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Wednesday, January 31, 2001

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On MMORPGs and Player as Author
9:58 AM | Michael Eilers | Comment on this story

As the video game creation business transformed from a hobbyist activity to a lucrative way to make money, so has the creation process itself transformed from the instincts of a few code geeks to an actual science, studied in depth and detail. Balancing gameplay so that game authors feel in control of their creation and yet users feel empowered to express themselves fully is one of the many challenges facing creators of Massively Multiplayer Online Role-playing Games. Although this genre is still in its infancy on the Mac platform, it will soon become a major part of gaming for all Mac gamers as Shadowbane, Neverwinter Nights, Clan Lord and shareware efforts such as Lance, Arcane Arena and Oberin work towards 'completion.'

But when does a massively-multiplayer game begin, and when does it end? This was just one of the many questions discussed at this year's Interactive Age conference held at USC. A meeting of the minds between creators of PC MMORPGs such as Everquest and Ultima Online, as well as many other game designers from both the console and home PC fields. GameSpy produced a short but substantive report on the conference, which covers the variety of perspectives offered on the evolving science of game design. Here is an excerpt:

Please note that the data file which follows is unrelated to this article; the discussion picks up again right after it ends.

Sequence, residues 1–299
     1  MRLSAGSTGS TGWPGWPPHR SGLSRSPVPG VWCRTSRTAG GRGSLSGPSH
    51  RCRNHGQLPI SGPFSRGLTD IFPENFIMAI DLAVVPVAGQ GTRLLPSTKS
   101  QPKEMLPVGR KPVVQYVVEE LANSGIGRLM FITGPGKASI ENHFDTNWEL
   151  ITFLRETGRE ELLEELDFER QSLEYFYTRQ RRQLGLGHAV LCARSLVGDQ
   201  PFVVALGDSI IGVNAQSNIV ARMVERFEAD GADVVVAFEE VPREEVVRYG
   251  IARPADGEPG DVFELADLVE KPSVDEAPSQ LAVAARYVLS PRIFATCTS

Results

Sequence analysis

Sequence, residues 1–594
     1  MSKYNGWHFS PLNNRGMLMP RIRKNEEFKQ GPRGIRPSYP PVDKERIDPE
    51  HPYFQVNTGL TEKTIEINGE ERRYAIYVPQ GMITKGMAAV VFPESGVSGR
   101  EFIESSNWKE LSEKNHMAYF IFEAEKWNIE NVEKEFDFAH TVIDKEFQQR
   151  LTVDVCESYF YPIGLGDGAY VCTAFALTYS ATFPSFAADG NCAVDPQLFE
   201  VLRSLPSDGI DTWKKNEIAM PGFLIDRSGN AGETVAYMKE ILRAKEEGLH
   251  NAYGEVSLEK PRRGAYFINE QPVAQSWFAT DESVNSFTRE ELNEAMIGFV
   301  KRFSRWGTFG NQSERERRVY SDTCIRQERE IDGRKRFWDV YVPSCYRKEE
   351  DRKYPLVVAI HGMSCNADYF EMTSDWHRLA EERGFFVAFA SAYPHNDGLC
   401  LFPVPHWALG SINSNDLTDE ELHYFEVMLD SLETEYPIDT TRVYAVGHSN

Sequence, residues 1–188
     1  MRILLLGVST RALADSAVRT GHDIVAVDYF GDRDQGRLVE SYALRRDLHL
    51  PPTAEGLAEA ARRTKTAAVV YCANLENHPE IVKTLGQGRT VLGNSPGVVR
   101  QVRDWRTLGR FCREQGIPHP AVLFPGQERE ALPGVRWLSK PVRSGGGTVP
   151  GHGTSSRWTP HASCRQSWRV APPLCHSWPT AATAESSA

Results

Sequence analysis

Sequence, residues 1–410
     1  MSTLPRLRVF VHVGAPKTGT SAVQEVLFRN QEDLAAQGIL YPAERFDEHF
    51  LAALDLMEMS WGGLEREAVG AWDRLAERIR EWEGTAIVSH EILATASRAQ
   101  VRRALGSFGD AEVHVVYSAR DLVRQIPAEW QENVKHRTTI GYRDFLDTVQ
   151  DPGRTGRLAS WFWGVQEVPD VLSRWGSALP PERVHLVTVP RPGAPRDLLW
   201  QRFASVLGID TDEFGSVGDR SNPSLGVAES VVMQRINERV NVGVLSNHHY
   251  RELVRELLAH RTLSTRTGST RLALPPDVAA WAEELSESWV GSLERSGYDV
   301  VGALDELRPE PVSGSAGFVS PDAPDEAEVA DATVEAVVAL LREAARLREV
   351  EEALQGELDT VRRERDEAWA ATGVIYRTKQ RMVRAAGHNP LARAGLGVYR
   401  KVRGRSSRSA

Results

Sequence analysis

Although games like Deus Ex allow you "to decide how to get through the story, the design is limited by how much you are allowed to do." Games in which the player controls a party of characters makes creating stories easier because overcomes is that fact that it is "hard to have a relationship when there is no one to have a relationship with". However, Zatkin feels the "true test of self-authorship" is the massively multiplayer online role-playing game (MMORPG).

In those games, the "player is not the center of the universe, merely a participant in it and everyone has to be a member of the universe with about equal priority." This is challenging, as you are "not designing the game around the actions or what you think will happen with one person," unlike a single-player game, which tends to have a main character. Thus, the purpose of the designer of a MMORPG is to create the framework--basically a "huge, chat room world"--although Zatkin believes that the type of "world is basically irrelevant."

Mac users will get to find this out for ourselves, as we enter the larger world of MMORPGs with such cross-platform titles as Shadowbane and Neverwinter Nights and perhaps future titles such as Dark Sector. Read the rest of this interview for more details from the conference, including quotes from Warren Spector and Ultima Online creator Ralph Coster.

"Personal Space: Who Controls the Story" at GameSpy
Wolfpack Studios

Other Mac Games News for Wednesday, January 31, 2001

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• On MMORPGs and Player as Author9:58 AM
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View all of the Mac games news for Wednesday, January 31, 2001 on one page

Mac Games News for Tuesday, January 30, 2001

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View all of the Mac games news for Tuesday, January 30, 2001 on one page

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